I took a gentle path into the festival today as I wanted to begin by getting my bearings and obtaining a feel for the festival without trying to do too much on the first day. It’s a jam packed weekend with Breakfast Networking beginning at 8am and the evening stuff going on until past 10pm. I’m only human so I’m pacing myself and easing into the festival vibe, it’s been a good opportunity to take stock. On the surface it appears to be bedlam with 400 delegates and about twenty speakers flitting about the place, but it's actually a well oiled machine with plenty of help and guidance to get everyone into the right place at the right time. And there's a real buzz to the atmosphere, everyone here takes their work seriously and enjoys what they do and the community of like minds is like a background hum to the vibrant seminars.
To kick off I planned on going into the YOUR SCRIPT FROM GOOD TO GREAT with Kate Leys, who is a Script Editor for film and has worked on some of my favourite movies. As it happens they appear to be everyone else's favourite movies too as despite a room change to accomodate demand the seminar was full up by the time I discovered where it had moved to. I wasn't too concerned though because there were a ton of other things to choose from so I wandered over to Tuke Hall where there was an IN CONVERSATION seminar with writer/producer Tony Jordan and Producer Nicola Shindler. Both spoke with great passion about their work and gave very good advice about writing for television. While I don't write for TV (I don't know how) and hadn't really intended to I have great admiration for American TV writers and listening to Tonay and Nicola talk today I suddenly understood why writers who start off in TV and make a success of that can go on to have successful film careers. And a lot of that is seeing your work realised in a much shorter turnaround time than film gives. So you get to write lots and see it made, often within a couple of months, and see what worked and what didn't. Nicola in particular spoke about watching lots of varied types of television and understanding from viewing how transitions and multiple character structures work.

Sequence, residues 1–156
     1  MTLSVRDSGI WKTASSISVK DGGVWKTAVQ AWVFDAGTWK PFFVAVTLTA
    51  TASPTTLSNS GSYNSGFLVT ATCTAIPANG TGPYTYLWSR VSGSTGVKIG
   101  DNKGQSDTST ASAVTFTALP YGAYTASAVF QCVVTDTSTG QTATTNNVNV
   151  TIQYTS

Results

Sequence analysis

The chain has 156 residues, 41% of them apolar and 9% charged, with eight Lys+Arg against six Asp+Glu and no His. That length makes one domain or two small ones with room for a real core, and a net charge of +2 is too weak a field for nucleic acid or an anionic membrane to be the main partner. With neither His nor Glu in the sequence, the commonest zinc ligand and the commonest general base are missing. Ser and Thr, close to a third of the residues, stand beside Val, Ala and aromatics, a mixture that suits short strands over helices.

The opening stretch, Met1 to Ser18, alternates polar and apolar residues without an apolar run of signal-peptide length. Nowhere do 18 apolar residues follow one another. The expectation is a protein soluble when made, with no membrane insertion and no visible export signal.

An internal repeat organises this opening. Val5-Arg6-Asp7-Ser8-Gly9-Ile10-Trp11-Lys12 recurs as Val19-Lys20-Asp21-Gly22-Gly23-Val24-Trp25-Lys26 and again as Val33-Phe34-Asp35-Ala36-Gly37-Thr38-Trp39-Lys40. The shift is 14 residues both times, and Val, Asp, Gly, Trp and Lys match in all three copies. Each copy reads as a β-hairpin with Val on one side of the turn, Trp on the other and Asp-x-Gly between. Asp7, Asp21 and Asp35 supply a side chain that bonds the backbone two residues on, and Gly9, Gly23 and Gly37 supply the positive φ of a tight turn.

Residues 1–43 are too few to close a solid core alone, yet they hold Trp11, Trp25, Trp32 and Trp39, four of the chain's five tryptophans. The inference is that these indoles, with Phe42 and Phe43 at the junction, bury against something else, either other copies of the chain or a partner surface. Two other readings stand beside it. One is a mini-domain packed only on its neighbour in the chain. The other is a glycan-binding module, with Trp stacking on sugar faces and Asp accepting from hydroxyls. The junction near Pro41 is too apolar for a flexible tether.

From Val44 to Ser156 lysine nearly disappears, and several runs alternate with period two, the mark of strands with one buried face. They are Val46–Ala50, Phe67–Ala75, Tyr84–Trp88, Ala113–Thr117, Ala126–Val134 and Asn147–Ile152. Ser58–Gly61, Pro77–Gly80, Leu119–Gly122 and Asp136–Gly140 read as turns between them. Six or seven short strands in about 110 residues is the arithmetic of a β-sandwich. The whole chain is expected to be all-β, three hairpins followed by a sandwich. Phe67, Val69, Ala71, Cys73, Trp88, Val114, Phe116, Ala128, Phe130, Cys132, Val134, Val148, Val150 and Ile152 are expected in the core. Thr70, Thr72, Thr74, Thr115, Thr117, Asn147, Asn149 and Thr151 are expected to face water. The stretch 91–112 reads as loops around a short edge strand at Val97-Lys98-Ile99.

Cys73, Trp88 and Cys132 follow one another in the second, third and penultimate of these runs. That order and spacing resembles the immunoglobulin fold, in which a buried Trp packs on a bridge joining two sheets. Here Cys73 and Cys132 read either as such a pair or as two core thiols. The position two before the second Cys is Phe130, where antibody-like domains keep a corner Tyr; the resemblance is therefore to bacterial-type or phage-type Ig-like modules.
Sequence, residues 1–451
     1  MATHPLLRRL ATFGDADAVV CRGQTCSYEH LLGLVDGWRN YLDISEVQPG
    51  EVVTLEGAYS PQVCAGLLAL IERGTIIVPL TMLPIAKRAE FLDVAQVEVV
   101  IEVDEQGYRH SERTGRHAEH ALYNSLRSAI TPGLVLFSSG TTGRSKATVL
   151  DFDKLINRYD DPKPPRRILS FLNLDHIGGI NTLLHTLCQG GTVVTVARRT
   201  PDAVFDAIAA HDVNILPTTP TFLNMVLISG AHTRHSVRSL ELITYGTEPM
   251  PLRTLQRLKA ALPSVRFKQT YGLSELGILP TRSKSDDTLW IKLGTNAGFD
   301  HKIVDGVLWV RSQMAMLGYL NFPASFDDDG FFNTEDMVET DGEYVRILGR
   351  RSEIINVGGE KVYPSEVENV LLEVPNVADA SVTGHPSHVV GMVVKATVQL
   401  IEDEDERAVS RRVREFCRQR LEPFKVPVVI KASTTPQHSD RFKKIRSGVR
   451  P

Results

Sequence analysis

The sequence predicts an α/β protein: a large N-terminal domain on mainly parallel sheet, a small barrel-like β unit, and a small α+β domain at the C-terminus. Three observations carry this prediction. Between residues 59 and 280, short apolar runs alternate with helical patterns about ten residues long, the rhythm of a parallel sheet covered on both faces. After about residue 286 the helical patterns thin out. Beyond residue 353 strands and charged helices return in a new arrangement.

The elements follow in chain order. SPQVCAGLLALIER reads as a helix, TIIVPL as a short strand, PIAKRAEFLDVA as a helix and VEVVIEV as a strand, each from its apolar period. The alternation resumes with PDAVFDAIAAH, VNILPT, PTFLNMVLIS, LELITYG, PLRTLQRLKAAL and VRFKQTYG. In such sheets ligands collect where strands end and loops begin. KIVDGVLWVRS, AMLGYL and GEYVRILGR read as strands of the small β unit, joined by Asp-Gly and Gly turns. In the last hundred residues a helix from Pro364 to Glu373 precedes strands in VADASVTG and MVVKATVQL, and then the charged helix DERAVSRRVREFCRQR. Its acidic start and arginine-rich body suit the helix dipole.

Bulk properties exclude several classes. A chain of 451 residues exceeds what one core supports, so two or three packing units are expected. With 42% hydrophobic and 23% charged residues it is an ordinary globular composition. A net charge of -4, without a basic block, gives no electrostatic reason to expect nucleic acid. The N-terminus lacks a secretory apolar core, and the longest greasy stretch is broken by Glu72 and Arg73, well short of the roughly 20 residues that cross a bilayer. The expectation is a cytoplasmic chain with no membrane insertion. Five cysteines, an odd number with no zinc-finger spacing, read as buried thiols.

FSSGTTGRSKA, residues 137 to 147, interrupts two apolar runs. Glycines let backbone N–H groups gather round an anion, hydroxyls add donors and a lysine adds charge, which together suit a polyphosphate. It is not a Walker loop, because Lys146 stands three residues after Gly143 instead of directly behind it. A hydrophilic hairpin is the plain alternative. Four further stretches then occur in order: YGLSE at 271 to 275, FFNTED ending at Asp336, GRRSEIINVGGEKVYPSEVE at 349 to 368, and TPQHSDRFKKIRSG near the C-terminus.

Two things really stuck with me. One was Nicola speaking about how writers are born, that there is a very specific skill to being able to tell a story that interests other people, it's very technical and intricate and a specific way of working that only certain individuals master, and the myth that everyone has a story to tell is actually just nonsense. I certainly felt glad when she said that, that I've spent a lot of time over the past five years to understand my own specific way of writing. I hope that understanding my own application of the craft and not just the craft itself will pay off for me in the long run.
The second thing that really struck me was what Tony called the single thing to hold on to is your own writers voice, your unique way of viewing the world. Writers who last in the industry and get work are writers who have that quality.
Other than writing both also spoke about production. Cost is obviously a huge factor and deadlines are a really big thing. It can cost a production a lot of money if the pre-production can't be done with the polished screenplay. Script Editors were also spoken about and advice given about how best to work with them, learning how to listen and how to gague when changes to screenplays will benefit the story, when they make no difference either way, and when to hold ground because the change might fundamentally damage what a writer is trying to say with the piece. It's a kind of filtering and an understanding of how to be easy to work with as a writer and be open to developing work and incorporating the ideas of others, while still knowing what the fundamentals are that shouldn't be changed. Very good advice indeed. All in all I felt very lucky to have been serendipitous enough to have walked into this room and heard these people speak.
So a great start to today’s fun at the festival and only the beginning of a very informative day! Next up DISTRIBUTION IN THE UK.
Bring it on!